‘Judaism involves social justice’: Brooklyn families call for peace during Passover Seder

Children call for ceasefire in Gaza during a Passover 'Seder in the Streets' and Shabbat ceremony.
Children called for ceasefire in Gaza during a Passover “Seder in the Streets” on April 27.
Photo courtesy of Noah Levin

Youngsters joined social advocacy nonprofit Jews For Racial and Economic Justice in calling for a ceasefire in Gaza during a kid-friendly Passover “Seder in the Streets” and “Tot Shabbat” held Saturday, April 27.

The event aimed to bring children into conversations surrounding war, military occupations and ceasefires in a way they could understand, organizers told Brooklyn Paper. Activities included a Shabbat ceremony, singing, sign-making, learning supportive chants, and a seder meal.

woman holding child at passover seder
Moms, dads and other caregivers led the kid-friendly public display of advocacy. Photo by Noah Levin

In an effort to put action behind their words, organizers also led a march — with the children in tow — to Senate Majority Leader Chuck Schumer’s Brooklyn home to demand he support a permanent ceasefire.

Rebecca Katz, a parent and JFREJ member who helped organize the seder, brought her children to the event because, though they are young, she said it’s never too early to introduce elements of community and solidarity to kids — especially as it relates to their faith.

“Doing action with kids means you need to be very intentional and thoughtful with every step,” she told Brooklyn Paper. “We put a lot of thought into what we’d do, how long everything would take, [and] making sure it’s engaging.”

Instead of excluding kids from the big conversations, both events — the seder and the shabbat — included applicable lessons for all ages.

Tabitha St. Bernard-Jacobs, a New Jersey mom who attended with her family, said she brought her kids because of the significant advocacy for peace.

“It’s really important to my partner and I to teach our children that Judaism involves social justice,” St. Bernard-Jacobs said. “It involves taking stances that support safety for everybody.”

children holding ceasefire signs
Children sang, led chants, made signs and even marched to Senator Chuck Schumer’s Brooklyn apartment. Photo by Noah Levin

She said her nine-year-old son has since asked more questions on the conflict, and if there have been updates on a ceasefire.

“Just having him be around people who are also advocating for a ceasefire and not just speaking about it, but taking action,” she said. “It’s really important for us to model to our children what it looks like to be a part of a community.”

The event took place on Shabbat, the day of rest observed by the Jewish culture, which includes taking rest from creative work to pray, read the Torah and reflect.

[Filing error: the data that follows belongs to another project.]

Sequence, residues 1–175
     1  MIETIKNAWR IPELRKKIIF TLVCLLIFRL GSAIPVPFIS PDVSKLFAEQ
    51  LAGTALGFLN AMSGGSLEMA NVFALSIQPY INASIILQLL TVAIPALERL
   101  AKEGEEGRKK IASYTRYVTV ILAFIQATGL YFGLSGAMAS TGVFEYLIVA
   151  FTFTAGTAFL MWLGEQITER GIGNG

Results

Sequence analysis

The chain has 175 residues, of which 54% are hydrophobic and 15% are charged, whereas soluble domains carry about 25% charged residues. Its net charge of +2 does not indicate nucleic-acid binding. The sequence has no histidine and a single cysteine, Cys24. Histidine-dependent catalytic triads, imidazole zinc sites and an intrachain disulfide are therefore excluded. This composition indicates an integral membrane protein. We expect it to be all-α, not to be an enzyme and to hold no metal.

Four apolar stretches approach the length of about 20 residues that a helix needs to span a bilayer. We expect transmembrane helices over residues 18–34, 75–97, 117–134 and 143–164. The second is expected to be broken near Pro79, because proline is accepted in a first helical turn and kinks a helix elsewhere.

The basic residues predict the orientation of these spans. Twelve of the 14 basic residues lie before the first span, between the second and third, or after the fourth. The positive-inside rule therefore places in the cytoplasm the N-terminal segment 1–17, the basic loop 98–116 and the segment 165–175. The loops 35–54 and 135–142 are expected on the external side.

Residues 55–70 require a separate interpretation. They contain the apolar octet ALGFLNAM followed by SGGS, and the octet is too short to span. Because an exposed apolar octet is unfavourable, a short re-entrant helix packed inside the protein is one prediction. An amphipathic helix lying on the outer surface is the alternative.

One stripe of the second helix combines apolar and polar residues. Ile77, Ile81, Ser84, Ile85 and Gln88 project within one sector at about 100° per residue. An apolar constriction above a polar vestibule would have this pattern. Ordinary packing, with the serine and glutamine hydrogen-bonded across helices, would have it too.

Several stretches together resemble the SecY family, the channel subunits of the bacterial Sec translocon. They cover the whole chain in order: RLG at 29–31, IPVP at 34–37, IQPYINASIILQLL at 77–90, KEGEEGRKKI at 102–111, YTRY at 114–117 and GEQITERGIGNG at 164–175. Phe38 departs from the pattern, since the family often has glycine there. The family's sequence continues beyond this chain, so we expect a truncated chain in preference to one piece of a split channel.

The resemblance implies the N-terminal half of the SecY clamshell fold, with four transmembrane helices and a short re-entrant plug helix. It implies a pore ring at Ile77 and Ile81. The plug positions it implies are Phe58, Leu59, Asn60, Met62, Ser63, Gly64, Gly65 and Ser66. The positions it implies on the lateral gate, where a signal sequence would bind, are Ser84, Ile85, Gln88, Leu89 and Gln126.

“I’m grateful to be in spaces that are family-friendly and kid-appropriate where we can still be aligned with our values around fighting for a free Palestine,” St. Bernard-Jacobs said.

Passover is a Jewish holiday that celebrates the ancient Israelites’ exodus from Egyptian slavery. The seder begins with the youngest person at the table asking the four questions as to why their family is taking part in the tradition. In that same spirit, young attendees posed four questions to Schumer relating to the war.

Saturday’s public showing came after the Senate passed a $95 billion war aid package for Ukraine, Israel and Taiwan.

April 7 marked six months since the Hamas terror attack against Israel, which sparked an ongoing war that claimed has claimed tens of thousands of lives and caused widespread social conflict around the world.

More than 1,200 people were killed during the attacks on Oct. 7. That same day, Hamas kidnapped more than 250 Israelis and foreigners. Although many hostages have since been released, mostly women and children, Israeli officials report that over 130 people remain captive in the Gaza Strip, adding that only about 100 of them are still alive.

Meanwhile, more than 30,000 Palestinians have been killed and over 70,000 have been wounded in Gaza since the start of the war, according to the Associated Press. The United Nations Children’s Fund, an agency devoted to providing humanitarian care to counties in need, reports roughly 13,000 children in Gaza have died since the Oct. 7 Hamas-led attack in Israel. Thousands more are suspected to have been injured and are suffering hunger.

Calls for a ceasefire have only gotten louder since the war began, sweeping across the city at various universities, political circles and public displays.

Additional reporting by Barbara Russo-Lennon

Correction (May 2, 4:45 p.m.): This story has been updated to strengthen the language in relation to the death toll in Gaza and provide proper photo attribution. Brooklyn Paper regrets the error.